The Pound saw strong gains against most of the major currencies last week, after rallying sharply on Tuesday on news that the UK would hold a snap general-election in June. Polls would suggest that the ruling Conservatives would strengthen their position in government and therefore head into the Brexit negotiations in a stronger position. Tuesday’s rally also triggered market stops in GBP/USD which sent the pair soaring to its best level in six months.
There was also some positive news from the International Monetary Fund who hiked their UK GDP forecast for this year to 2.0% from 1.5%. However, gains were trimmed slightly later in the week with the soft retail sales report on Friday providing a weight.
For the week, Sterling gained 2.3% against the US Dollar, 1.3% against the Euro and 2.8% against the Japanese Yen.
This week, we await CBI data later today and GDP figures on Friday.
The Euro soared across the board overnight after Emmanuel Macron won the first round of the French presidential election – the centrist candidate is the clear favourite to win the runoff vote with Marine Le Pen in two weeks’ time. The drop has effectively reversed the sharp rise we saw in GBP/EUR last week after UK PM May announced her intention to hold a snap election.
Data releases did not prompt much reaction with March Eurozone CPI confirmed at 1.5% year-on-year. There were also multi-year highs for both manufacturing and service sector PMI’s on Friday.
ECB speakers meanwhile were largely in line with recent rhetoric. President Mario Draghi spoke on Friday and said they cannot yet have sufficient confidence that a sustained adjustment in inflation will materialise in a durable manner. The ECB will also announce their latest policy decision on Thursday.
The US Dollar lost ground against most of the major currencies last week. The reserve currency began the week on the defensive following the weak retail sales and softer CPI figures. Comments on Monday from US Treasury Secretary Mnuchin that suggested tax reform plans could be delayed also provided a weight. Losses were extended on Tuesday as US government bond yields tumbled to their lowest level since November with safe-haven assets receiving a boost from the geopolitical concerns surrounding North Korea.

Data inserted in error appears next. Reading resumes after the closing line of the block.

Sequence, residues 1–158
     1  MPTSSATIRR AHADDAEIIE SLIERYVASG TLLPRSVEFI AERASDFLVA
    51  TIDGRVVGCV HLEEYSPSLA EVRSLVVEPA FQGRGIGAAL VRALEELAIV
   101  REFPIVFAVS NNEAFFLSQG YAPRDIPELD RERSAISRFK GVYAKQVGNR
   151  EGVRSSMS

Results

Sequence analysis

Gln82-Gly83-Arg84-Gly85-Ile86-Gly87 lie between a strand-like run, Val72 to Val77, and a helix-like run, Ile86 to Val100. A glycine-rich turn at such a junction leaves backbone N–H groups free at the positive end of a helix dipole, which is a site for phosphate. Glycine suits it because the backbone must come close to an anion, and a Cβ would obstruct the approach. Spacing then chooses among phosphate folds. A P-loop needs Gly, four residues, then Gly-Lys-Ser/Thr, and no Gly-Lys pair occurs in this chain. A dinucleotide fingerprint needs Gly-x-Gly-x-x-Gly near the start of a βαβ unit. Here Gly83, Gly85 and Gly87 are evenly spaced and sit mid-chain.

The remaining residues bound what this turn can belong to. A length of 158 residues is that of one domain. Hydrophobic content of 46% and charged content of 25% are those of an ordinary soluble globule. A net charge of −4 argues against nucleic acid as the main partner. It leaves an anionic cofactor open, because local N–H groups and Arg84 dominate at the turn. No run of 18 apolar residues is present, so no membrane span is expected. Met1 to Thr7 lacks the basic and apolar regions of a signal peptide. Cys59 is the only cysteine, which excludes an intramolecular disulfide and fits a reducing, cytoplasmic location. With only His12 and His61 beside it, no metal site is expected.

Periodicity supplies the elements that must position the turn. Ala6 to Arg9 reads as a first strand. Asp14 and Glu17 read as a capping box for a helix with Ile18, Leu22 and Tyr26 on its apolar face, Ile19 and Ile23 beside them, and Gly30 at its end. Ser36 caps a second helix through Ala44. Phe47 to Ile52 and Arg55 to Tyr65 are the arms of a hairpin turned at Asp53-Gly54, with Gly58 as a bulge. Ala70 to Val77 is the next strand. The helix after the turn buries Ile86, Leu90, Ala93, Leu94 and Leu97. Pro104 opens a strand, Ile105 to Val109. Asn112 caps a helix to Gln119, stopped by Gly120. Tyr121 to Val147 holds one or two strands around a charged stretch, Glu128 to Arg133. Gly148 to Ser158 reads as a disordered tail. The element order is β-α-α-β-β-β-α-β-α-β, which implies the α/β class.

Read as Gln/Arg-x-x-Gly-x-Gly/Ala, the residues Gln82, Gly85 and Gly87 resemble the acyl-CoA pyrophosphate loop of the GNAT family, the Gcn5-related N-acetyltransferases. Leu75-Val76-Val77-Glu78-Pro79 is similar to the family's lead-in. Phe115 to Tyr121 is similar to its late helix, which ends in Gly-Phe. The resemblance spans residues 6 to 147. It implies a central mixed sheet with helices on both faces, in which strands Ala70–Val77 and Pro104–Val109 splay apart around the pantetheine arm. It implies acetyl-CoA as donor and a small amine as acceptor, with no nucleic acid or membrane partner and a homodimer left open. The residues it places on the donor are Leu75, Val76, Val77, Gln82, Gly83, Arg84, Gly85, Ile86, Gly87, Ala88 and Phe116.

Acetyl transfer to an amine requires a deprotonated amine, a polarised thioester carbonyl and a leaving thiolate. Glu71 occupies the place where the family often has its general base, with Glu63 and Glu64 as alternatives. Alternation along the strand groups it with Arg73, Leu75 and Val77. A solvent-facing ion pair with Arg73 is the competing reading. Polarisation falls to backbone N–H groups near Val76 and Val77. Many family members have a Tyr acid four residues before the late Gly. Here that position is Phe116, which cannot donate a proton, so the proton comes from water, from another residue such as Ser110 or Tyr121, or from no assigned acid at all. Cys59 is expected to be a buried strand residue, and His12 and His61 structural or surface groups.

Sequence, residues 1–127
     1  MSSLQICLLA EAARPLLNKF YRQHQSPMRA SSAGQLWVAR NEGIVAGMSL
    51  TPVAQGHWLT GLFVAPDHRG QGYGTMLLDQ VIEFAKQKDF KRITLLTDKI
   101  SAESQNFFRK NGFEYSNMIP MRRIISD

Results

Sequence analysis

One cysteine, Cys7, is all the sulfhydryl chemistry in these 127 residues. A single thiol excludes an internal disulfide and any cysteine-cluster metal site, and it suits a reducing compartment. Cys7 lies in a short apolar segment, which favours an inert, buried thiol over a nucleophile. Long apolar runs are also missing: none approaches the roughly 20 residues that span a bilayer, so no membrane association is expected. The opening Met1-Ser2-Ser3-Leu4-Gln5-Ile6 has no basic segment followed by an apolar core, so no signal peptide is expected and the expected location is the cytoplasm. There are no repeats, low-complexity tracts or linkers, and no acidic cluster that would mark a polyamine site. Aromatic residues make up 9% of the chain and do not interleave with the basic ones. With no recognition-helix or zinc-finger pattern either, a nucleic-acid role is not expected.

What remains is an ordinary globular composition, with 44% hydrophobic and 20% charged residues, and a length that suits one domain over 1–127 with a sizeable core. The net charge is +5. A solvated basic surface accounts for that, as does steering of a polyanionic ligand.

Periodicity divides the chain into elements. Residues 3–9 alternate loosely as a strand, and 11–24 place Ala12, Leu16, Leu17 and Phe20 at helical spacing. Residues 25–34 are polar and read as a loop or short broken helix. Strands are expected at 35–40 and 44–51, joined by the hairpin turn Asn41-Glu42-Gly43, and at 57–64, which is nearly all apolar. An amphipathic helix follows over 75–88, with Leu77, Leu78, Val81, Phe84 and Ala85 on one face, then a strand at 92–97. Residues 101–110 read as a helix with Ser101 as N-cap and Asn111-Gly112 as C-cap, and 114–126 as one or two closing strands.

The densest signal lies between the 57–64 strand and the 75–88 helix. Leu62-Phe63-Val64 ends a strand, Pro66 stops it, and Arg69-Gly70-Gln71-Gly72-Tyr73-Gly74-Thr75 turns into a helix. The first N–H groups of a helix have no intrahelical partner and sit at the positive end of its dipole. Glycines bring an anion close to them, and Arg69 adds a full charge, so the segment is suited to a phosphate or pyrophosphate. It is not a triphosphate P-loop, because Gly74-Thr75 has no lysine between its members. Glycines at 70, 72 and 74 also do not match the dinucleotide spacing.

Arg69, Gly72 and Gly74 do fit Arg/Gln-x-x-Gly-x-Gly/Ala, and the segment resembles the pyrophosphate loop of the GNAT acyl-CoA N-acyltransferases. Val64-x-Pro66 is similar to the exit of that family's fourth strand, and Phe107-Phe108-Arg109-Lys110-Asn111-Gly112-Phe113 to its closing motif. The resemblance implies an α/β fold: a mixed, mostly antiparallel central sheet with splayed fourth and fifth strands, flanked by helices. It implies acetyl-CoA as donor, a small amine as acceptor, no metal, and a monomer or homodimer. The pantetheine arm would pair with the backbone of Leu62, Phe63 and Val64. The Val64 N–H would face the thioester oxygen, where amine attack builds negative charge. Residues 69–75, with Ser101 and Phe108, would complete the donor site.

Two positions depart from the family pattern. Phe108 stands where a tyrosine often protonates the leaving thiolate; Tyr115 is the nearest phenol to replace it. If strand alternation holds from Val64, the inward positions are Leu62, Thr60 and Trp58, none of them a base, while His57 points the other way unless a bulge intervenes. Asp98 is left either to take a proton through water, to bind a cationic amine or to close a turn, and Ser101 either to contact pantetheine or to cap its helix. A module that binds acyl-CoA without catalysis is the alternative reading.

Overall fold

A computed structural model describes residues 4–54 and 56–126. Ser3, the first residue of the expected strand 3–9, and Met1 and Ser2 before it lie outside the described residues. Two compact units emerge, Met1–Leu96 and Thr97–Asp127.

This week, focus will likely remain on Washington and Trump’s efforts to push through his plans for tax reform as well as any developments regarding North Korea. Consumer confidence, new home sales and durable goods orders all precede the GDP report on Friday.
The Japanese Yen fell against most of the majors last week although did reduce losses in the final session. The Yen had benefitted from broad risk aversion in the prior trading week but we saw this dissipate somewhat last week as geopolitical concerns eased and there was renewed optimism regarding US President Trump’s plans for tax reform.
Domestic impulses meanwhile were limited. BoJ Governor Kuroda spoke on Monday and noted that consumer spending is escaping weakness. Manufacturing PMI improved on Friday to 52.8 from 52.4 and may have provided some support.
The Australian Dollar was broadly lower last week, weighed by heavy losses seen on Tuesday and Wednesday. This followed a relatively dovish set of RBA minutes that noted growing concern around the labour and housing markets. Bearish sentiment surrounding the commodity markets also provided a weight – LME three-month copper prices fell to their lowest since January while oil prices have also declined.
The Canadian Dollar fell last week, weighed by sizeable losses in oil markets – US crude futures dipped below $50 a barrel on Friday, losing over seven percent for the week. Losses were extended on Friday after Canadian inflation data came in below forecast with year-on-year CPI at just 1.6%.
NEW ZEALAND DOLLAR
The New Zealand Dollar saw modest gains last week, boosted by the stronger than expected inflation data released early on Thursday – year-on-year CPI rose 2.2%.